Four Dates for Art
New Haven (Google Maps location)
There were four galleries that make up the Arts Council of Greater New Haven Galleries back when I started this website. They were the Sumner McKnight Crosby Jr. Gallery, Gallery 195, The Parachute Factory, and Haskins Laboratories Gallery. As is often the case with these small, fleeting places, I’m pretty sure they’ve all disappeared or moved or changed names or something. I only had the chance to get to one of them, and I’ve no idea why you’re interested in it, but here you are.
Sumner McKnight Crosby Jr. Gallery
70 Audubon Street, 2nd floor, New Haven
I’m going to be brutally honest with you right off the bat: I don’t really have much of a recollection about my quick visit to the Sumner McKnight Crosby Jr. Gallery and I have no information on any of the artists featured. I went in the morning of my 2010 full-on CTMQ day around central Connecticut. At the time, I wasn’t really clear on how the various art galleries around New Haven would fit into my site or really, how the various art galleries around New Haven viewed themselves.
In case you were wondering, the Sumner McKnight Crosby Jr. Gallery features regional artists in group and thematic shows. You may have noticed that the visiting hours mirror business hours. That’s because this “gallery” is actually, very literally, IN the offices of the Arts Council. I had no idea that this was the case when I bumbled up into it and was suddenly in the middle of a bunch of women in cubicles.
Someone asked me what I was doing and I responded, cool as could be, “I’m here to check out the art gallery.” Instead of derision, I was warmly welcomed and shown where the exhibit’s pieces could be found. “There are some here at Jenny’s desk, a few more back by Sandy, and don’t mind the meeting going on in that room, just go in as there are a few pieces in there.” Or something like that.
It was weird. Especially when you consider that I took all the pictures you see here. All on the down low. Yeah, I’ve become pretty slick with the secretive camera work. I visited during an exhibition called Red Alert.
That exhibition of works showed a variety of media and in a departure from previous members shows, the Arts Council introduced a theme, Red Alert, that was to be interpreted by participating member artists on multiple levels.
As the exhibition said, “the color red can evoke power, danger, luck, love, and countless other associations. ‘Red Alert’ can represent a warning or signal and can be interpreted literally or metaphorically.”
Ah, artist-talk. You just gotta love it. But I guess they have a point and as you can see from my pictures, the artists certainly varied in their interpretations of whatever Red Alert means. The first thing I think of is, of course, Kool DJ Red Alert – one of the most important dj’s of all time.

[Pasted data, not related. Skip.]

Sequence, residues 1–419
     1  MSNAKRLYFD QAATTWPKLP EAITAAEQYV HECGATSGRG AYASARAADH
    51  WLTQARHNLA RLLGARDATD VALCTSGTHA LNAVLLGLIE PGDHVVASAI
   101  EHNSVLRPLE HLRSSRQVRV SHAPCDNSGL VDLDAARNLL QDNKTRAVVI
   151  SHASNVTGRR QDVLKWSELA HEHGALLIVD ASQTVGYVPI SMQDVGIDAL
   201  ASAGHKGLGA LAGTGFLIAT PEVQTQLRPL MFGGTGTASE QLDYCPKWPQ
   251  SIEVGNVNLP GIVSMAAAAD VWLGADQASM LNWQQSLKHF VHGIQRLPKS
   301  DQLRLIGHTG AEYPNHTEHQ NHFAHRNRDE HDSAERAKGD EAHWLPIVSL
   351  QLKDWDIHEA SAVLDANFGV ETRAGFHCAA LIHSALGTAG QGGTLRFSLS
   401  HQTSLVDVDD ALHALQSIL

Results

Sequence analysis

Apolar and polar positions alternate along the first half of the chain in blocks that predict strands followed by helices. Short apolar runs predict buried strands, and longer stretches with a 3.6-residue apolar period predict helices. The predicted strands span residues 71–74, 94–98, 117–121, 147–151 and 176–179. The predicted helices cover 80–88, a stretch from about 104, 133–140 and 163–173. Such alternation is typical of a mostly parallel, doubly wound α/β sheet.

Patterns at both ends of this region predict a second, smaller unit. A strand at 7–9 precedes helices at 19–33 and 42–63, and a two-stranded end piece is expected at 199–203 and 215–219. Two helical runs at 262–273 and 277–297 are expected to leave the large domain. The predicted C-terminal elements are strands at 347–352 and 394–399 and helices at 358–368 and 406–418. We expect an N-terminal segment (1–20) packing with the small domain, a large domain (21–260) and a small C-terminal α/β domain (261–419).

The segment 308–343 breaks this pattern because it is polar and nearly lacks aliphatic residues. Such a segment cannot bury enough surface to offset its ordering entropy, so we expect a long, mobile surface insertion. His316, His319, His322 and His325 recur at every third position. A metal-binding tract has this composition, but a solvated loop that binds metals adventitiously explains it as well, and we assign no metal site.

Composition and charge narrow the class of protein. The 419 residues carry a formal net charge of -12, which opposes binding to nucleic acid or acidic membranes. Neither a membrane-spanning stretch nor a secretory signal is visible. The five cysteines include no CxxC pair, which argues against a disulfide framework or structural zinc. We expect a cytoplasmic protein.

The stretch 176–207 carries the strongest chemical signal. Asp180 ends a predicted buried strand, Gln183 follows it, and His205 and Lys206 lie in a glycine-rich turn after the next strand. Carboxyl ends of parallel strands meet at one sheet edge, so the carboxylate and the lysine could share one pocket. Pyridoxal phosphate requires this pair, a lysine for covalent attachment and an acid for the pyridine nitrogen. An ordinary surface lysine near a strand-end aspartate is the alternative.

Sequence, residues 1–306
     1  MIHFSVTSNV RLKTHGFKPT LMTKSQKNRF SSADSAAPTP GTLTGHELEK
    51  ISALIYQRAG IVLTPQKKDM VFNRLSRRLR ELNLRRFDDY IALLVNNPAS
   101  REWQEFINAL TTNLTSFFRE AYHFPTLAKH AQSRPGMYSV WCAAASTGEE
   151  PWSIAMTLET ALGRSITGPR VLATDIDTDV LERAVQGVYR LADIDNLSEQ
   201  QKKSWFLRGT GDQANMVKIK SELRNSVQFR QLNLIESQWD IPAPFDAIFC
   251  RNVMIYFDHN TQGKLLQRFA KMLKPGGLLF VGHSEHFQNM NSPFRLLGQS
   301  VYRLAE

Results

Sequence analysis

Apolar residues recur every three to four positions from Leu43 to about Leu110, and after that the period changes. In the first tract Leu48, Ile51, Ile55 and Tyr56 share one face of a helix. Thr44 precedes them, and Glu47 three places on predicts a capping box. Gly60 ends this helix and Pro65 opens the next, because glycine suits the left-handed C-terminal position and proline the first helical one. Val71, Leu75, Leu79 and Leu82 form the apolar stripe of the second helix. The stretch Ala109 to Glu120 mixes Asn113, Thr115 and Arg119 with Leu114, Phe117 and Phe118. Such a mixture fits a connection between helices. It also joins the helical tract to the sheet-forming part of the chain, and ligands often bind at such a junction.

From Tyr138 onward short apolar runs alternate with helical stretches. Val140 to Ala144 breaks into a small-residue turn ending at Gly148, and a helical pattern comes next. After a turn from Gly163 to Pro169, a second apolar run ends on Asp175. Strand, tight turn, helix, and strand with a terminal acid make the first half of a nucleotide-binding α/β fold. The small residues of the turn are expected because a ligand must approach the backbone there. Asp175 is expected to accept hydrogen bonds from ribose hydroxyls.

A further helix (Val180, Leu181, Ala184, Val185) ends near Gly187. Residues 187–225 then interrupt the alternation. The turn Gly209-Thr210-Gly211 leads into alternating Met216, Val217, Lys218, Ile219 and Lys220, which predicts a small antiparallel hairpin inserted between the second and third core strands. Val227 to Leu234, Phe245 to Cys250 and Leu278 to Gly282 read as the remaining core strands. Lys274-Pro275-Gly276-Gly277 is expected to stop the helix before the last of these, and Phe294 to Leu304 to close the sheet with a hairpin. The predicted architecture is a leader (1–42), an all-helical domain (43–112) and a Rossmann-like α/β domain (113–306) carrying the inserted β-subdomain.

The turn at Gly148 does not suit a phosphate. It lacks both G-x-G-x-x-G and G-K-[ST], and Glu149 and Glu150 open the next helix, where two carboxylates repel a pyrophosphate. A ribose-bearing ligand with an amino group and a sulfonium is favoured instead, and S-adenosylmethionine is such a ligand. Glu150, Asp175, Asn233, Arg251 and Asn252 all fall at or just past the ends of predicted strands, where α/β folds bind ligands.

Alas, I didn’t see any images of the legend on display in New Haven. For shame. There were some pretty cool things on the walls though – things that interested me for sure. Though again, I was walking among people at work! This gallery visit was definitely not in my comfort zone.
You could say I was on, um, red alert.
Wishing to know more about this Sumner McKnight Crosby, Jr. person, I poked around the Intertubes and found at that there’s a retirement age race car driver named Sumner McKnight with a win percentage of about 2 percent.
But then I found a whole bunch of stuff on a Sumner McKnight Crosby with art and New Haven (Yale) ties. But was this the gallery’s namesake or did he have a son (Jr.) who funded this place? I do not know, but the stuff about the non-Jr. guy is pretty fascinating.
Medievalist architectural historian; principle scholar of St-Denis and chair of the Department of Art History, Yale University, 1947-1953. Crosby attended Phillips Academy, Andover, Massachusetts before entering Yale University. At Yale the lectures of Marcel Aubert and Henri Focillon persuaded him to study art history. As a graduate student, he became fascinated with the abbey church of Saint-Denis, both as a school of manuscript illumination and as the birthplace of the gothic art form. It was a subject which would occupy his research energies the rest of his life. His studies included time at the Ecole des Chartres. He married Sarah Rathbone Townsend, in 1935. His Ph. D.1937 thesis from Yale, written under Focillon, reviewed the twelfth-century church and investigated the early plans of the crypt and stylistic differences of the capitals…
Ok, that was really boring. But we’re in deep now so might as well keep going. It ends with a bang.
Crosby focused essentially on only one monument in art history, the abbey church of St. Denis, where gothic architecture was born.
In Crosby’s view, the inception of the Gothic style at Saint-Denis stemmed from the governing principle of unity which brought about a new synthesis. That unifying concept, informing and integrating the architecture, sculpture, stained glass, mosaics and designs for precious objects, resulted in absolute clarity of form and expression. Three articles written in 1963, 1965, and 1966 explored the influences that converged at Saint-Denis under Suger’s patronage and gave birth to the new style.
Crosby doubted Suger was the single creative intelligence behind Saint-Denis, as conventional wisdom maintained. Crosby posited the existence of skilled masons as designators of the sophisticated designs of the church. Crosby’s narrow focus as an art historian was criticized by others in the discipline.